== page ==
North Korea’s Mansudae Art Studio leaves its marks

Last updated:

Angola - Agostinho Neto Mausoleum, Luanda

Angola – Agostinho Neto Mausoleum, Luanda, photo: David Stanley from Nanaimo, Canada, Memorial Dr. Antonio Agostinho Neto (19882325368), CC BY 2.0

Published: December 1, 2017

Last updated:

North Korea’s art export

Artwork from the Democratic People’s Republic of Korea has always been a trademark for modern socialist realism. Although North Korea is well known for being the most secretive nation in the world, the largely unknown nation is certainly not shy when it comes to publicizing their statues, monuments, grand festivals, and celebrations. In particular, a North Korean based construction company known as Mansudae Overseas Project, has been designing fine art for decades, helping art to become one of North Korea’s most important and most successful exports. While many other North Korean barriers remain up, fine art from the country has managed to make its way to foreign countries that are located as far away as Africa.

About Mansudae Overseas Project

Established in 1959, the Pyongyang based art studio has a total of 4,000 workers, 1,000 of whom are highly skilled artists. The Mansudae Overseas Project has handled so much work over the years that it is currently classified as one of the largest and most successful art production studios in the world. The studio used to operate under the guidance of then-leader Kim Jong-Il who was known to have a deep and keen interest in art and theater performance.

The outside of the Mansudae Art Studio in Pyongyang, North Korea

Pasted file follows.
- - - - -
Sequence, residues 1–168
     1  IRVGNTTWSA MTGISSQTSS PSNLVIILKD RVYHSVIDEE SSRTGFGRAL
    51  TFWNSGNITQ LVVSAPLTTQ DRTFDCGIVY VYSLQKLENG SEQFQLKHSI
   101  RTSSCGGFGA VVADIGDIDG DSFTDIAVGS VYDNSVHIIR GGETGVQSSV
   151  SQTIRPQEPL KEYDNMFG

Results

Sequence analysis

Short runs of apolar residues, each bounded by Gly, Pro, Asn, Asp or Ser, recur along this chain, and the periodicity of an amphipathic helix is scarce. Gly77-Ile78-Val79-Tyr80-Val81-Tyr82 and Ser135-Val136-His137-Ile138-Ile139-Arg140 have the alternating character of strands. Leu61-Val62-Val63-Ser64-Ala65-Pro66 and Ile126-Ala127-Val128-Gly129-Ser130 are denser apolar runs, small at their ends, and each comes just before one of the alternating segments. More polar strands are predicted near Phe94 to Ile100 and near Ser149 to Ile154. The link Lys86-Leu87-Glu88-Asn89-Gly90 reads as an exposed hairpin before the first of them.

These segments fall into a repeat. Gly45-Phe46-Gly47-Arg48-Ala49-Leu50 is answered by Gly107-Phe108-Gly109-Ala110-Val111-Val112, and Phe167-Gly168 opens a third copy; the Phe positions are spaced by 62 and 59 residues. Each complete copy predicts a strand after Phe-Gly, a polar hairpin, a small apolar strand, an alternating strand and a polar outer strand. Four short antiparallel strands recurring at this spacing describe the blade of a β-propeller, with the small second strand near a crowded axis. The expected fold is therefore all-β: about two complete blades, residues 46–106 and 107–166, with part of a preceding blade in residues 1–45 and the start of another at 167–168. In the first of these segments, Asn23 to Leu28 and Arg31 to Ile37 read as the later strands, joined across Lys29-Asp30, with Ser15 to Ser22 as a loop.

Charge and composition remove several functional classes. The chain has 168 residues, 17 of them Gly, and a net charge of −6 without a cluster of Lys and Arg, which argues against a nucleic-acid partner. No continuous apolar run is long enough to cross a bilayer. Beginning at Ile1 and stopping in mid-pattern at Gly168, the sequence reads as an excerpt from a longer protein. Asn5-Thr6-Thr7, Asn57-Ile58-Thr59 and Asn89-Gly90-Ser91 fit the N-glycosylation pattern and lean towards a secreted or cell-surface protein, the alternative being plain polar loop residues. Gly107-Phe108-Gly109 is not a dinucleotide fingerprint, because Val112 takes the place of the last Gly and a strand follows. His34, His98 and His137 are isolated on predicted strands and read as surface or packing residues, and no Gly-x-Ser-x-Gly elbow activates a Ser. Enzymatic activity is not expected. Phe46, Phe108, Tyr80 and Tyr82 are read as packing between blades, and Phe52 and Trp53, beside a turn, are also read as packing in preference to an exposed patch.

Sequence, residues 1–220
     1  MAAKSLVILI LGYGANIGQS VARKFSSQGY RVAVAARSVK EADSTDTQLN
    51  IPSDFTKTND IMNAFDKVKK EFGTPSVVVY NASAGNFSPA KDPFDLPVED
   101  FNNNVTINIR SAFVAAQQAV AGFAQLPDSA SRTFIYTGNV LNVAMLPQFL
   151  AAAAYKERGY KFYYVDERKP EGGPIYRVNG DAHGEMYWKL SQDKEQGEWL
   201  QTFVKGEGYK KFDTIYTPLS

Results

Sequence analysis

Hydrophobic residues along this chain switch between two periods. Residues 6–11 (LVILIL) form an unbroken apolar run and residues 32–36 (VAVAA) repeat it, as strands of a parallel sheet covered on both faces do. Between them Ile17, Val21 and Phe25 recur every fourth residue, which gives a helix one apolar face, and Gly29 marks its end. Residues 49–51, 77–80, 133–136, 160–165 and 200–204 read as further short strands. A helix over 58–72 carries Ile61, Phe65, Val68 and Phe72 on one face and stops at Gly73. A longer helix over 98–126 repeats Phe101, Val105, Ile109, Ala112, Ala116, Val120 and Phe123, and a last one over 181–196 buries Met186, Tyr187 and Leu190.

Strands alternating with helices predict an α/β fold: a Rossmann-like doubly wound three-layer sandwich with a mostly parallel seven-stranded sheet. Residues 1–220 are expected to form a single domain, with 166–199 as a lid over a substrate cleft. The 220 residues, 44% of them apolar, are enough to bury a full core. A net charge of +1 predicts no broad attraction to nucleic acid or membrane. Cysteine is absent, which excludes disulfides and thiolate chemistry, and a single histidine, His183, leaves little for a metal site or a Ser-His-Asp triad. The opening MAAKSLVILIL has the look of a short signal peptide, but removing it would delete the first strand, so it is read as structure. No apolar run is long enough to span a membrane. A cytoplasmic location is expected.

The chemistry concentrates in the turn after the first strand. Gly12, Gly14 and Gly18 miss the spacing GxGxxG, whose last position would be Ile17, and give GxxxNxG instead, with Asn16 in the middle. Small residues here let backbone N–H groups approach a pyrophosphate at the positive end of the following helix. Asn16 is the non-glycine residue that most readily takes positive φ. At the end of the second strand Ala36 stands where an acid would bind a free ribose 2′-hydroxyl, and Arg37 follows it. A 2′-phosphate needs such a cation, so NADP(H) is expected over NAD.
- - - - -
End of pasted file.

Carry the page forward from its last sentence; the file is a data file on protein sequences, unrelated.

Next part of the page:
The outside of the Mansudae Art Studio in Pyongyang, North Korea, photo: Nicor, Propaganda at Mansudae Art Studio, CC BY-SA 3.0

Different departments inside the studio

The Mansudae Overseas Project features many departments, making it the most prominent and well-known studio in North Korea. Some of the departments include woodcutting, ceramics, painting and of course sculptures. Although the studio has helped to create monuments such as the Monument to the Founding of the Korean Workers Party1 all over the country, it is the international commissions that the studio is most well known for.

International exports since the mid-1970s

Since the mid-1970s, the international chapter of The Mansudae studio has been offering cheap labor for the creation of outstanding and huge monuments such as the African Renaissance Monument in Senegal, as well as the Heroes Acre war monument in Namibia. The Mansudae Overseas Project has managed to attract a steady list of international clients although Germany is the only country in Europe that has ever commissioned the studio to create a monument (Frankfurt’s Fairy Tale Fountain).

Conclusion

Although The Mansudae Overseas Project has earned an estimated 160 million US dollars in the last 10 years, the studio has been criticized for poor working conditions that it exposes workers to and the low pay. The artists who work steadfastly do not get any returns as money from art sales is re-directed to the North Korean government. Additionally, some artists have criticized some of the monuments claiming that they are a little too ‘North Korean’ for their liking.